__ __ __ __ __ (synonym of outdo)

      LegoIsHerebyOfficiallyAllHintedOut

      Delete
  16. This comment has been removed by the author.

    ReplyDelete
  17. Got the football puzzle and ROSS!

    ReplyDelete
  18. Puzzlerians!
    The day before yesterday (Friday) on Blaine’s puzzle blog, David posted a great link to a very worthwhile and polished website called FiveThirtyEight.

    As David noted, the site is initiating a new weekly math/logic/probability puzzle called the Riddler. (David is a whiz at numbers as well as words.) FiveThirtyEight will upload a new Riddler each Friday, the same day we upload our posers on Puzzleria!

    On Saturday, jan posted his answer to the puzzle, and early this morning – just hours before Blaine uploaded his Sunday blog with the new NPR puzzle – I responded to jan’s comment. Because I posted my comment at the tail-end of Blaine’s last-week thread (after most of us had hit the hay), I will reprint it here, below:

    jan,
    I got 19 and 63 also. For a 10,000-story building I get 199. For a million-story building I get 1,999.

    To make a generalization (my regards to Paul), for a building with 10-to-the-nth-power stories, the minimum number of smartphone drops will be [2 times (10-to-the-n-divided-by-2-power)] minus 1.

    Curiously, this formula seems to only approximate the number of drops when n is odd. For example, for n = 3, the formula yields 62.2455...

    Thanks very much, David, for linking to this puzzle and website, which I have bookmarked.
    I plan to discuss this wonderful poser more on Puzzleria!

    LegoFormulaicGeneralizer

    ReplyDelete
  19. Puzzlerians!,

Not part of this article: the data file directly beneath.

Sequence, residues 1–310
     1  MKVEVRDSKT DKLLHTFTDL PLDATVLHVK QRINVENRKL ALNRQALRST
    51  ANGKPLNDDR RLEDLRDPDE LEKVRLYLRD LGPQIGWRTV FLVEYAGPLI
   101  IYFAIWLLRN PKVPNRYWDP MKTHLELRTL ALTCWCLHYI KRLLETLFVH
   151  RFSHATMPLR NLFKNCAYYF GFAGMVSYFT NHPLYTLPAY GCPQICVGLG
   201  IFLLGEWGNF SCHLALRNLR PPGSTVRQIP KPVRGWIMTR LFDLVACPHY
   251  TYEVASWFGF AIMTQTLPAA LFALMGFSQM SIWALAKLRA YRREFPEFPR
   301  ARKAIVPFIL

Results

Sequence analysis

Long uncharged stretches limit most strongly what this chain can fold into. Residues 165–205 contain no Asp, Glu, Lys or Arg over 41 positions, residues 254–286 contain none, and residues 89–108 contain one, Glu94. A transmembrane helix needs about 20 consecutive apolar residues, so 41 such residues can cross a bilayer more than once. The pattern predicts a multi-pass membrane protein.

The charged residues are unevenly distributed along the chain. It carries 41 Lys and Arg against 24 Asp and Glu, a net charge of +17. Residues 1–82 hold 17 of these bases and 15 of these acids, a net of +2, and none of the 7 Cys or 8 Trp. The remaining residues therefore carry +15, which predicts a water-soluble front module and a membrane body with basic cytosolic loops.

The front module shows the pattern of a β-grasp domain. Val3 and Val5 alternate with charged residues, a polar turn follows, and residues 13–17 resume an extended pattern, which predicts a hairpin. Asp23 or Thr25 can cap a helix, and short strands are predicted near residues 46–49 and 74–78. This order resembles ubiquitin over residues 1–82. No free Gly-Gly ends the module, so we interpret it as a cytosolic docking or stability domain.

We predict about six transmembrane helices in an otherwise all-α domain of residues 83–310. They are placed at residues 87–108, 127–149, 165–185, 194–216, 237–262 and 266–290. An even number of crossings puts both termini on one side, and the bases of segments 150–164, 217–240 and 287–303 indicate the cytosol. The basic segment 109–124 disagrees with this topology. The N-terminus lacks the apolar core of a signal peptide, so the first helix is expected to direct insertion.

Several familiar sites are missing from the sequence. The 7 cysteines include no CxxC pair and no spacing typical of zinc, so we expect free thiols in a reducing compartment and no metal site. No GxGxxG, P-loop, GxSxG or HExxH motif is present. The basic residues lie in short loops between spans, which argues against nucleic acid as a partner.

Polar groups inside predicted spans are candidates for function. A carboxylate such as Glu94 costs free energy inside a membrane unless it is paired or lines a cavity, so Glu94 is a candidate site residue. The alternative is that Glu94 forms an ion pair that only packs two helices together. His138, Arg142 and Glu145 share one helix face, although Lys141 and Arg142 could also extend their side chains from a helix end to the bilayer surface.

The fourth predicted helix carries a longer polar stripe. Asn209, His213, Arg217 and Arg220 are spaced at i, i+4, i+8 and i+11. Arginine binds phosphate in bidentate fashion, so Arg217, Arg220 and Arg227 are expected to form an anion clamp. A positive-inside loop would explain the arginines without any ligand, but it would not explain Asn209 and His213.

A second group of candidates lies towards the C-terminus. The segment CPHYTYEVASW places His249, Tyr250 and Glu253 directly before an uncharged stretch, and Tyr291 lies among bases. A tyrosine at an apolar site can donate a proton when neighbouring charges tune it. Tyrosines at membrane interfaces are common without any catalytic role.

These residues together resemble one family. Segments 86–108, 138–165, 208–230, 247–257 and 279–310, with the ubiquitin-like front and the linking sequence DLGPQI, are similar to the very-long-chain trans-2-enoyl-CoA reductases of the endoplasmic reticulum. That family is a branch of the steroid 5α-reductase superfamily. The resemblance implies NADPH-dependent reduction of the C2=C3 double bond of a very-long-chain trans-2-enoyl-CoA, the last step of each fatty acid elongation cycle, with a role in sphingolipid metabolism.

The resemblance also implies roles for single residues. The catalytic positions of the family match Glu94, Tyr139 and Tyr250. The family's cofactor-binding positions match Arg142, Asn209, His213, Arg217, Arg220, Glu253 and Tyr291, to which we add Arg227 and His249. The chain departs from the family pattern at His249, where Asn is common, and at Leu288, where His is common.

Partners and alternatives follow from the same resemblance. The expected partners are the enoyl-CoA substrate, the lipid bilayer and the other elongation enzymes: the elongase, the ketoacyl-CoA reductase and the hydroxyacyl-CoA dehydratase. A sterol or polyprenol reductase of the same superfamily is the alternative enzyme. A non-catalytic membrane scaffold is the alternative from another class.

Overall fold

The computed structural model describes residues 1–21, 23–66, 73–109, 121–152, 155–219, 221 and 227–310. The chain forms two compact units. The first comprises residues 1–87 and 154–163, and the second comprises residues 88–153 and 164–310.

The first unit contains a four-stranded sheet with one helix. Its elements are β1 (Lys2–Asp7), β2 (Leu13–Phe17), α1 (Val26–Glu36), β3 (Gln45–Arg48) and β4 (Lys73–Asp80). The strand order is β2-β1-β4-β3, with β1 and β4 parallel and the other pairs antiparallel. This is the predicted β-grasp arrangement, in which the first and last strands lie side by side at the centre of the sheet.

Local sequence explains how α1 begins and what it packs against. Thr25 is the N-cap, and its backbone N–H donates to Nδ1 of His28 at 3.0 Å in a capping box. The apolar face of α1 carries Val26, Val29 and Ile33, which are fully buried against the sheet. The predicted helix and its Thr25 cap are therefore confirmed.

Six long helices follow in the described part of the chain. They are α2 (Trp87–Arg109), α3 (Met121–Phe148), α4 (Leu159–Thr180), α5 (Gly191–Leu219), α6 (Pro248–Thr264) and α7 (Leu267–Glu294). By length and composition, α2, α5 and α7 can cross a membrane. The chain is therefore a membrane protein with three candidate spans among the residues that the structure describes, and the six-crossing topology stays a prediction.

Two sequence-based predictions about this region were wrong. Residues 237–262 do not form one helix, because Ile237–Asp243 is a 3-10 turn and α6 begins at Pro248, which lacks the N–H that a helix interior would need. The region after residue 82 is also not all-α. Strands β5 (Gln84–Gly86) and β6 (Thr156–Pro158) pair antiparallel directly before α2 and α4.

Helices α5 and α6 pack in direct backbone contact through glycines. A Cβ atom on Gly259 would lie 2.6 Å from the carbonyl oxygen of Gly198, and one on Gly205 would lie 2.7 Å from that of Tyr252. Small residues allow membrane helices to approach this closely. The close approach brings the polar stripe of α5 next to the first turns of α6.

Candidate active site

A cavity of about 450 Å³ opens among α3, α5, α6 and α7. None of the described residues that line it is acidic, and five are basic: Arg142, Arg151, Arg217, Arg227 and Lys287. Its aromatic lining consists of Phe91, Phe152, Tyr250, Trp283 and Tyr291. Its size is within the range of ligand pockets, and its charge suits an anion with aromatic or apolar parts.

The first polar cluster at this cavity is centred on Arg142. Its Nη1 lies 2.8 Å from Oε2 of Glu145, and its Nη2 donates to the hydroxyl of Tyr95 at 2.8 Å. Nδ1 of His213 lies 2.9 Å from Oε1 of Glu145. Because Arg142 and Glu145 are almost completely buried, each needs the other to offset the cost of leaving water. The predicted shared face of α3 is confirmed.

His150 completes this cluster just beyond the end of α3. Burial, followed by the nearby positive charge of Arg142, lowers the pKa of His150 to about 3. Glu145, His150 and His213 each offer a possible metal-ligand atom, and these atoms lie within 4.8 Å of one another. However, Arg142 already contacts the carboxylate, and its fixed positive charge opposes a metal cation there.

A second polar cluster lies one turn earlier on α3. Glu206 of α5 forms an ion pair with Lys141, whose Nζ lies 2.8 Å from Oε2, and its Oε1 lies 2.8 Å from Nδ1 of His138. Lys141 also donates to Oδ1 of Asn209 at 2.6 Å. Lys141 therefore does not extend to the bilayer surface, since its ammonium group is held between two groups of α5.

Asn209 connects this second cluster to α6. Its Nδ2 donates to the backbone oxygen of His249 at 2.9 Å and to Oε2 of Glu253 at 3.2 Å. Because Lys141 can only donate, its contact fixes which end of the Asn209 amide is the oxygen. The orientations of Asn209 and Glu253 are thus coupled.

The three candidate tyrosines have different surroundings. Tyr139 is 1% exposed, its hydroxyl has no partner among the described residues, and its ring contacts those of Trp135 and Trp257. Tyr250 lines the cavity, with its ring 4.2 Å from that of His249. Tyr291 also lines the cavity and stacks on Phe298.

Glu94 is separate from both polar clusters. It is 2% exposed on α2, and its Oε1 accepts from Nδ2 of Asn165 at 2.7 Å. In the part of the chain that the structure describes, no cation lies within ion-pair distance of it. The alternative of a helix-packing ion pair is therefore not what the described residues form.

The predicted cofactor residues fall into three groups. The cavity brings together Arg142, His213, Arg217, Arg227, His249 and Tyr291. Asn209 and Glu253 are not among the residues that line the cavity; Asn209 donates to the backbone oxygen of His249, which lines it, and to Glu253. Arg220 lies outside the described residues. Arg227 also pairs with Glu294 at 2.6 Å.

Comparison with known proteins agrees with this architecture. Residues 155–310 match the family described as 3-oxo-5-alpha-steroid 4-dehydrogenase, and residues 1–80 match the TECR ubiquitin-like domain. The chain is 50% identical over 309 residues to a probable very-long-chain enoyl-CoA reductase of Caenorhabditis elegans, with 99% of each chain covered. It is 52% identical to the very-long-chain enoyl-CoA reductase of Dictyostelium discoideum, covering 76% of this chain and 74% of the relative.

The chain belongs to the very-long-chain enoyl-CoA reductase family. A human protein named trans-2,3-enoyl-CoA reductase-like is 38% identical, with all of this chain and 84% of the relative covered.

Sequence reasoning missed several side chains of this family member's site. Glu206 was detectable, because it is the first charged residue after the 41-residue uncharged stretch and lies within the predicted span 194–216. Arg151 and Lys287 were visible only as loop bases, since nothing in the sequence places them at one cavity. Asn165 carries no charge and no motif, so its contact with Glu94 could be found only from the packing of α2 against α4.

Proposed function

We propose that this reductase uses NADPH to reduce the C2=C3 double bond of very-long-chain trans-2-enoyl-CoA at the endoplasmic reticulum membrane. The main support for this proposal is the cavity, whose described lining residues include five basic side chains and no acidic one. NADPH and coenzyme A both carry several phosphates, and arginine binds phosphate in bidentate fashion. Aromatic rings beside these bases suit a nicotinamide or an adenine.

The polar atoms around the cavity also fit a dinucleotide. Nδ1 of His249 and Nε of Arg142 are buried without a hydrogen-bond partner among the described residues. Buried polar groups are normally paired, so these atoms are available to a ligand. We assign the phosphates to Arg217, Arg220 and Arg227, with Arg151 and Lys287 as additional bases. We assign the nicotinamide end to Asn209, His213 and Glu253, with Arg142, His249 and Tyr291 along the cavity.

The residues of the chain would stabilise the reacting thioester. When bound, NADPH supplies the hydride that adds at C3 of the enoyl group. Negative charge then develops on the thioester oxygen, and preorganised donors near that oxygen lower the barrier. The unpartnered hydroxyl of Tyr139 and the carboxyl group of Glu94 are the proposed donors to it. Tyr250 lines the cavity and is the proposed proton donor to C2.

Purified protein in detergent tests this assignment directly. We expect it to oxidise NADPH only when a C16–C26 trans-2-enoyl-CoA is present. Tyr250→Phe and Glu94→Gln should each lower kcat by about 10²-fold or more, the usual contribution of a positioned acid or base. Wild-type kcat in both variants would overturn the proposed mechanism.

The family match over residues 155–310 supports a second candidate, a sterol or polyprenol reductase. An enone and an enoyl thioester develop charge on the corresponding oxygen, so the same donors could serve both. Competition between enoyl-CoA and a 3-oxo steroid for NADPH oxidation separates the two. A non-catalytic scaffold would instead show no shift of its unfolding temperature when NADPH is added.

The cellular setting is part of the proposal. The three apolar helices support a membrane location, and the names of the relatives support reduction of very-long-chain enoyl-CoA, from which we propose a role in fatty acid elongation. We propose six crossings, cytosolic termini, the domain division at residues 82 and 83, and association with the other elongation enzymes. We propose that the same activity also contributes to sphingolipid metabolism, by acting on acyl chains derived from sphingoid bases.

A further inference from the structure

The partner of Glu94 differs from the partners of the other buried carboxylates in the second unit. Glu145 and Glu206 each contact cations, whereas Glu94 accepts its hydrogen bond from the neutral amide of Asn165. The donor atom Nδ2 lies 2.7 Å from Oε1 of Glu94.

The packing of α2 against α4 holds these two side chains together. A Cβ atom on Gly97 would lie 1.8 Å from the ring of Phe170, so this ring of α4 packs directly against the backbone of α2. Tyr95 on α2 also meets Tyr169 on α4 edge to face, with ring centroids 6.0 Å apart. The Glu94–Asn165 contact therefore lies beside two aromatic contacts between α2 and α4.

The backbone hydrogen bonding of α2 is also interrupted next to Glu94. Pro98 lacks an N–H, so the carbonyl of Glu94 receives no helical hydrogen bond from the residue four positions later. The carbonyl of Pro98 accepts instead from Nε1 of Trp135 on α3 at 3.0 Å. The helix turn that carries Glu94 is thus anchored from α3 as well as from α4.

Extra credit:
    One of the people I mention in my TOD football puzzle either has a first name that is the same as the surname of a past late NFL star, or has a surname that is the same as the first name of the late star.

    The first name or surname that the star does not share with our fellow in the puzzle is a word for a "type of learning" that can be anagrammed into what likely happened to Ruben Fowler's anterior cruciate ligament after Matt Tobin blindsided him with his chop block, in the form of "It ____."

    LegoSaysMolesThatBurrowOnGridironsMustBeCarefulNotToDamageTheirPosteriorGluttealLigaments

    ReplyDelete
  20. ROSS:
    -MADISON (-M)>>>ADONIS or MADISON (-S)>>>DAIMON, Inferior Greek Deity.
    -HELENA (-A)>>>HELEN of Troy.
    -ST. PAUL (-PL)>>>TAUS, Greek crosses, or SANTA FE (-SF)>>>ANTAE, figures of Greek mythology.
    -ALBANY (-NY, postal code for New York)>>>BA'AL, Phoenician deity.
    -(-H)ELENA or HELEN(-A).
    -MADISON (-IS, a common verb)>>>DAMON, one of the sea spirits (Telchines).
    -OLYMPIA, site of the Temple of Hera & of Zeus.

    MADISON is particularly fruitful:

    MADISON (-M)>>>ADONIS
    MADISON (-S)>>>DAIMON, Greek demon.
    MADISON (-IS)>>>DAMON
    MADISON (-DA)>>>MINOS, SIMON (another of the Telchines.)
    MADISON (-ON)>>>MIDAS
    MADISON (No dropped letters)>>>DAIMONS
    BOISE (-BI)>>>EOS

    BCS: